Object name: NGC6967

Designation(s): NGC6962, NGC6963, NGC6964, NGC6965, NGC6966, NGC6967,

NGC 6962 is a nice barred spiral that anchors the NGC 6962 galaxy group. It is classed as SAB(r)ab. Oddly the NGC project classifies it as Sa. They apparently don\'t see the bar and ring structures I see. Arms seem a bit wide for the class so I\'ll have to go with the NED classification. The arms seem a bit unusual for either barred or spiral class to me. It certainly has a rather low surface brightness and the arms have only a hint of blue color being more white than seen in most galaxies of its type. The bar creates a ring. The outer arms seem to form out of nowhere not being attached to the bar or ring. Considering NGC 6964 right next to it and the odd ring structure I\'m surprised Arp didn\'t put it in his catalog at least under the pair of galaxies classification.

The distance to the group is likely between 180 and 200 million light years. The latter figure is based on a type 1A supernova that was seen in NGC 6962 in 2002. The former on redshift and Tully-Fisher estimates.

There are quite a few NGC galaxies in the group. The larger galaxies are all members of the group. While some of the near star-like ones are dwarf members of the group, others are galaxies billions of light years distant. You need a scorecard to keep track. So I prepared an annotated image of those galaxies for which NED had redshift data. Those that are members of the group or at least have a redshift that fits within about 30% I identified by catalog entry name. A few \"larger\" ones had no redshift data. In those cases, I put a question mark after the name. For the many far more distant galaxies I only noted the redshift distance (5 year WMAP light travel time distance at NED) in billions of light years. The field contains a number of quasars. Some closer than some of the galaxies yet no galaxy is seen, just the quasar. Their host galaxy must be rather dim by comparison. But that\'s normal for quasars I suppose. \"G\" or \"Q\" before the distance identifies which they are. The label is immediately right of the object when possible. When not possible or the identification is ambiguous I drew a line from the distance to the object.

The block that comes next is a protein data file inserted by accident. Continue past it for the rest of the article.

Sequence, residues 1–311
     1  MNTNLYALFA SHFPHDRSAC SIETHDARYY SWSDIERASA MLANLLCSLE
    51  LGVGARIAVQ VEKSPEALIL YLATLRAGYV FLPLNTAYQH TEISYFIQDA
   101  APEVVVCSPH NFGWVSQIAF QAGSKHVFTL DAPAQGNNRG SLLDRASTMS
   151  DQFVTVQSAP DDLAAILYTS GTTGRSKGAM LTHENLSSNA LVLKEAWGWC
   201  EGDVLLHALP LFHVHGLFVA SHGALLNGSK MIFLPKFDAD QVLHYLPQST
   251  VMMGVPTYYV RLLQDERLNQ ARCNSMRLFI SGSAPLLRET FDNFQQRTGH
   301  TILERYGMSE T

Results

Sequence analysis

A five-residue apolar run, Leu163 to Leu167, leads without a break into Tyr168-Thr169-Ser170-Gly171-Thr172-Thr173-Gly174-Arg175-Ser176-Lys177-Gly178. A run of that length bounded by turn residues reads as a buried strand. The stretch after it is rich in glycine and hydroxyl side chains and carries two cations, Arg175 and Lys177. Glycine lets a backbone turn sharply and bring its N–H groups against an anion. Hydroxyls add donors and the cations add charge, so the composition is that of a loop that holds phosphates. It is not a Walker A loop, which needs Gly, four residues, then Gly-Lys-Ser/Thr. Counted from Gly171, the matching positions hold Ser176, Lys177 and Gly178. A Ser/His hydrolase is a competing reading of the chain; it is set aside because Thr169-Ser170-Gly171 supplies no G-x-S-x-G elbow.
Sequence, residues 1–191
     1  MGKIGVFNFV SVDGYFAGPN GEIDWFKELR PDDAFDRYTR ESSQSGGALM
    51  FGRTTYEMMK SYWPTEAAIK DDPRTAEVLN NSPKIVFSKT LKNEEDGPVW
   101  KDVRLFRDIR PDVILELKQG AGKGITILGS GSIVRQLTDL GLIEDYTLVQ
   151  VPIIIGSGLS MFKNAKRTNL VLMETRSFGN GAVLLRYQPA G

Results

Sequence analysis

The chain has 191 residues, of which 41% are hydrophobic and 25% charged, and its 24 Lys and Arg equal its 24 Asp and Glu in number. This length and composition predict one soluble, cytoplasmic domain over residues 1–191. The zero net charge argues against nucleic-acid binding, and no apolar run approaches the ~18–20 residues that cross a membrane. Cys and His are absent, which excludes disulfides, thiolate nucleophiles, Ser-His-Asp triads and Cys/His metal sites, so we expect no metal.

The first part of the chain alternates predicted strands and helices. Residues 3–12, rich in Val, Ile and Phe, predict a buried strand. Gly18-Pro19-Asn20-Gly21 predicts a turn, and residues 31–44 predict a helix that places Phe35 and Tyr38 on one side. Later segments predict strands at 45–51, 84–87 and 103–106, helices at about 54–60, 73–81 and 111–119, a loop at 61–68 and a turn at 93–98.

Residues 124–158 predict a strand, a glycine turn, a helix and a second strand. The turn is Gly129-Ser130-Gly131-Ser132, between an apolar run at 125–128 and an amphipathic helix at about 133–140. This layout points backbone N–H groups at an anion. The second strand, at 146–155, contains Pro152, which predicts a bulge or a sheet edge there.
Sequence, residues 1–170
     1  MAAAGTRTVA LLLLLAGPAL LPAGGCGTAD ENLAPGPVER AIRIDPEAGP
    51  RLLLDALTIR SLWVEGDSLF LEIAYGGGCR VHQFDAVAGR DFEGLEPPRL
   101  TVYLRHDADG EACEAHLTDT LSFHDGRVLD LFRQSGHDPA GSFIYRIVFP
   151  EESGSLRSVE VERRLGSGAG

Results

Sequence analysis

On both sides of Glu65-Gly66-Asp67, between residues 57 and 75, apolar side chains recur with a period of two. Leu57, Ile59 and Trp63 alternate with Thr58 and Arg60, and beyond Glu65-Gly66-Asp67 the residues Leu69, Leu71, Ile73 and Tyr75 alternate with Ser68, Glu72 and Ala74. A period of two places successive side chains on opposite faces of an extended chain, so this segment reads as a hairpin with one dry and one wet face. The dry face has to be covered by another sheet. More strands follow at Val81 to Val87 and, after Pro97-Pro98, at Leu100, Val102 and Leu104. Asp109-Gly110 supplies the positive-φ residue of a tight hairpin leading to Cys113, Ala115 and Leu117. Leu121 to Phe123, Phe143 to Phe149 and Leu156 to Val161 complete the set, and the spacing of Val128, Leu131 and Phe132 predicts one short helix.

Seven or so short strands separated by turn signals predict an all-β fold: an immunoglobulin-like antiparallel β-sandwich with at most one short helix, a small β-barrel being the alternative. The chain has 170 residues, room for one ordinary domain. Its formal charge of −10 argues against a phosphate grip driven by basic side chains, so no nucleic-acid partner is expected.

NGC 6962 and NGC 6964 were discovered by William Herschel on August 12, 1785. They aren\'t in either H400 program.
NGC 6963 was discovered by Guillaume Bigourdan on August 12, 1885, 1 year after NGC 6962 and NGC 6964.
R.J. Mitchel found NGC 6965 on August 27, 1857. Then Guillaume Bigourdan found it on October 2, 1891 resulting it being IC 5058.
NGC 6966 was found by Heinrich d\'Arrest on July 26, 1865.
NGC 6967 was discovered by R. J. Mitchel on August 27, 1857.

14\" LX200R, L=4x10\' RGB=2x10\'x3, STL-11000XM, Paramount ME